It was a most unusual cultural revelation.
I’ve written recently about my delightful trip to Scotland. And the single most striking cultural insight I got there came from… menus.
My delightful wife and I ran and hiked the Speyside Way trail along with two very close friends. All that exercise means we didn’t skip many meals.
And after looking menus morning, noon, and night for over a week, I was struck by the pervasiveness of that uniquely Scottish dish – haggis.
Critical: On September 26, we’re releasing the CRAZIEST presentation ever (new recruit shares his UNDEFEATED strategy)
If you’re not familiar with this culinary oddity, let’s turn to Encyclopedia Britannica for a definition:
Haggis, the national dish of Scotland, a type of pudding composed of the liver, heart, and lungs of a sheep (or other animal), minced and mixed with beef or mutton suet and oatmeal and seasoned with onion, cayenne pepper, and other spices. The mixture is packed into a sheep’s stomach and boiled.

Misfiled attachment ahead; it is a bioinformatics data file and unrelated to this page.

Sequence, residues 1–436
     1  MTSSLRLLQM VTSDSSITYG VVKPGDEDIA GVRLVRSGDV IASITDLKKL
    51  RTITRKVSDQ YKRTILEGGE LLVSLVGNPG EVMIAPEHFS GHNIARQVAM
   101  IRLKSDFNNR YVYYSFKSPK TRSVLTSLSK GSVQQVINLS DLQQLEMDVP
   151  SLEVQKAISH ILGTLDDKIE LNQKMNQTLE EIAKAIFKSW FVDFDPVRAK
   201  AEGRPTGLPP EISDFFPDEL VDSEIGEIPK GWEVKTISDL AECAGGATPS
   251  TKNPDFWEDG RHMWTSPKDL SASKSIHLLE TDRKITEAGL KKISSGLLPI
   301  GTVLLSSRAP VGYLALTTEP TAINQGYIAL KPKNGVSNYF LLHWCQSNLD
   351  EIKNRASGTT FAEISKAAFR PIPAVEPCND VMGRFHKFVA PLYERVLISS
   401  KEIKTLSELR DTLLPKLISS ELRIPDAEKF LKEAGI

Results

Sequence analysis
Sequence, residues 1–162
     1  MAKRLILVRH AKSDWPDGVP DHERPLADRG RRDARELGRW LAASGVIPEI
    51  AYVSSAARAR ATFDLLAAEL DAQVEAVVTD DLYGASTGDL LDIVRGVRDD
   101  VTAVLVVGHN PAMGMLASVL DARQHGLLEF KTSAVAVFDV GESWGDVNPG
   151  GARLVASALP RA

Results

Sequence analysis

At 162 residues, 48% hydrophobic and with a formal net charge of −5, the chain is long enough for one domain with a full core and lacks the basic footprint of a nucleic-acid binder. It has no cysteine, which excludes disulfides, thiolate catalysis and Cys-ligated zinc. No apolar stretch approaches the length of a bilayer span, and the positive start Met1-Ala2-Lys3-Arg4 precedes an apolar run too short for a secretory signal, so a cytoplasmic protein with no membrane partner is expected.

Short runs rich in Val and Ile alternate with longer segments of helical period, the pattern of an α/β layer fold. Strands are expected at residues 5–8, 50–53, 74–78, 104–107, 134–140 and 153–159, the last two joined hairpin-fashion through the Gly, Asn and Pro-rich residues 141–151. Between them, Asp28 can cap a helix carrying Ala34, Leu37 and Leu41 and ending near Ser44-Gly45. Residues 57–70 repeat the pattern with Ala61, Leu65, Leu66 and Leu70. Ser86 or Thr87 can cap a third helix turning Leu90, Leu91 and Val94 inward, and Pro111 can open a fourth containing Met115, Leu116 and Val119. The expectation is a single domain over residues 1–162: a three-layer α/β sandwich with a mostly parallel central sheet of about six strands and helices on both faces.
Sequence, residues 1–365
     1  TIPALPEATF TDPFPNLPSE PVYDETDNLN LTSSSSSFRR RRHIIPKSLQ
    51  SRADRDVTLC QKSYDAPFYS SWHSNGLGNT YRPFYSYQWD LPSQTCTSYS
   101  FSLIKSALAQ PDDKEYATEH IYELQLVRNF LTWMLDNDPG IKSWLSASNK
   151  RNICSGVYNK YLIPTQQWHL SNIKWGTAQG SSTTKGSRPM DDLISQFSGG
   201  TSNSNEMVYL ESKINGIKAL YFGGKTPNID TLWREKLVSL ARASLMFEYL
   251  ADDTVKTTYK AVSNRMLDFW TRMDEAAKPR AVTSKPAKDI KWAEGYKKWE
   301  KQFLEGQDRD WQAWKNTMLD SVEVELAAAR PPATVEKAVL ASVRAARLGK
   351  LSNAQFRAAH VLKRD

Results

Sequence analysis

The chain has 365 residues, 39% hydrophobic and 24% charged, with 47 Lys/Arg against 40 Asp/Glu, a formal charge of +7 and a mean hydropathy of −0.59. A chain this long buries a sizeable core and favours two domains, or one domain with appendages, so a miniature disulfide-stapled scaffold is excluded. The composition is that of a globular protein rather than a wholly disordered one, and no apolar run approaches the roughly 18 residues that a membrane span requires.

Whether you found that description gut wrenching or mouth watering (I’m guessing more the former than the latter…) I believe that this is the most ubiquitous main dish of any culture I’ve visited.
The Scots love them some haggis. They eat for breakfast, lunch and dinner. And that’s no exaggeration. Here is a fact – haggis was on every menu for every meal we ate in Scotland. From the fanciest five-star restaurant to breakfast at the tiny B&B, there was haggis.
Let me pause to say that I’d be very interested in your regional eating experience. Tell me in the comments about any foods you’ve seen at every meal or on every menu – especially main courses!
But back to the haggis. I’ll write about whether I tried it (and whether I actually hurled it) in an upcoming article. For today, there is a great reason I’m writing about organ meats wrapped in a sheep’s stomach: This quintessential “consumer staple” of Scotland connects directly to a big change happening in the markets right now. Let’s see how.